The Eagles know why the fans turn up: to hear the oldies

Mon Jun 23, 2014 10:30am EDT
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By Jeremy Gaunt

LONDON (Reuters) - When veteran California rock band the Eagles hit the stage in London at the weekend, there was no pretence about why people had come to see them or what the band was expected to do.

It was a case of play the songs we know, dudes, and please don't change anything.

So a lively run-through of "Hotel California", "Tequila Sunrise", "Take it Easy", "Witchy Woman", "Life In The Fast Lane", "Desperado", "Take It To The Limit" and more than three hours of other Eagles standards went down a storm with a packed crowd at the cavernous O2 Arena.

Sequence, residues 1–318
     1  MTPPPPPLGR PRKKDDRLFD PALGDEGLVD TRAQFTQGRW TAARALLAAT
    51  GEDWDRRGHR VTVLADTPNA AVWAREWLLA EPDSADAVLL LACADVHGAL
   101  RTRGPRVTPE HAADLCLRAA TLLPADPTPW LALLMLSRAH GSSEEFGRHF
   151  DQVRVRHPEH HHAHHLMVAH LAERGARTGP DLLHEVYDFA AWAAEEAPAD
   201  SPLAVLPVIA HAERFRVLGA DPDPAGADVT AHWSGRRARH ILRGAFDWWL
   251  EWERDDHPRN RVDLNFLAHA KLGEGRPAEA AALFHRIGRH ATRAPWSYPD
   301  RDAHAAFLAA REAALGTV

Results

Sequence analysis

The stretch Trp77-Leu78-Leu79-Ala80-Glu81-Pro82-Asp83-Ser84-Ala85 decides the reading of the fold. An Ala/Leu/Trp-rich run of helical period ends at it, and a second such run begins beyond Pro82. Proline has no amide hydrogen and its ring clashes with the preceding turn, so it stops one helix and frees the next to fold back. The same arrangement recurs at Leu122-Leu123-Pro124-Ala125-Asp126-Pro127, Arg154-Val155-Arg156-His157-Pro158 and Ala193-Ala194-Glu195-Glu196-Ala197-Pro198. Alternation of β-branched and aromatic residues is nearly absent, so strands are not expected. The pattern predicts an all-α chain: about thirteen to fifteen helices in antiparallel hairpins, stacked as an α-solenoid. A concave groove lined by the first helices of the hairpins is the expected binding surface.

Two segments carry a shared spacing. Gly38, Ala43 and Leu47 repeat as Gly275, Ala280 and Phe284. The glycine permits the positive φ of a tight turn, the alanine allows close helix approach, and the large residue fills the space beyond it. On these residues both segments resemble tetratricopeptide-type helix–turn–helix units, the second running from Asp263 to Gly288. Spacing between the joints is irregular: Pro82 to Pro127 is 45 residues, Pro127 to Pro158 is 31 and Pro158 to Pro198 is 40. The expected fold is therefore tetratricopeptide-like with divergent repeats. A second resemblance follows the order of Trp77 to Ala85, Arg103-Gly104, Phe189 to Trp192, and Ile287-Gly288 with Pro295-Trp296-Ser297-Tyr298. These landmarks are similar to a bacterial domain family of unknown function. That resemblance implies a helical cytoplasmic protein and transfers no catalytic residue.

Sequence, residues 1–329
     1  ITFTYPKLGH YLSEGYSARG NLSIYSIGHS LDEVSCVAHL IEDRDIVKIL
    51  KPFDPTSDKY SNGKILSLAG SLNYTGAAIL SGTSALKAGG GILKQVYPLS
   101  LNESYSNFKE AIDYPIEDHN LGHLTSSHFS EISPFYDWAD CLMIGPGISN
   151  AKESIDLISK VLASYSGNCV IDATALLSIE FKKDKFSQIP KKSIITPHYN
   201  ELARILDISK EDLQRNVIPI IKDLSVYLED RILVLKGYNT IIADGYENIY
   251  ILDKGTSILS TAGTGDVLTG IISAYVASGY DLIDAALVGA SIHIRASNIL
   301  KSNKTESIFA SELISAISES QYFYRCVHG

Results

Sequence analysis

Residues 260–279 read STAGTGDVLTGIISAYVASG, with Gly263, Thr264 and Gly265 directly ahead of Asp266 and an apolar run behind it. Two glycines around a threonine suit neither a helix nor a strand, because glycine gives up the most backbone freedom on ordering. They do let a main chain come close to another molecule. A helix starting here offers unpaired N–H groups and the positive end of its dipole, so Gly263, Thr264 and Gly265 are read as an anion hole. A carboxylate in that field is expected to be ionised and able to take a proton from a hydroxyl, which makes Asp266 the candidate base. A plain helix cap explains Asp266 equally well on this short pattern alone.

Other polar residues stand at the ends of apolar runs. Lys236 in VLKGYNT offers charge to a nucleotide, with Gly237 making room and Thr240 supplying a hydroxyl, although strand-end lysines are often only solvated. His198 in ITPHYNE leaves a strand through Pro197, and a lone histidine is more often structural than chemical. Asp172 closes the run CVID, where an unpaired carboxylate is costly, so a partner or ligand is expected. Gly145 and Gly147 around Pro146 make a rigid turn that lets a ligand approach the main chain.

Which is exactly what the band - founded in 1971 and still playing, give or take a 14-year split-up - intended.

"We know why our audience comes," co-founder Don Henley told Reuters. "We are not up there to indulge our musical interests. We are most interested in making the listener happy."

Indeed, the Eagles' current world tour is called "History of the Eagles" and is a rare beast in that it is the concert of the DVD rather than the other way round.

After producing a documentary film about their career - from Southern California country sound to heavier rock band, through burnt-out breakup to reformation - the band's manager suggested that they replicate that evolution on stage.

"(He said) 'It will do more for your career than putting out a new album'," Henley said.   Continued...

Members of the band The Eagles (L - R) Don Henley, Glenn Frey, Joe Walsh and Timothy B. Schmit attend the premiere of the film "History of the Eagles Part One" during Sundance London, at the O2 Arena in London in April 25, 2013  REUTERS/Stefan Wermuth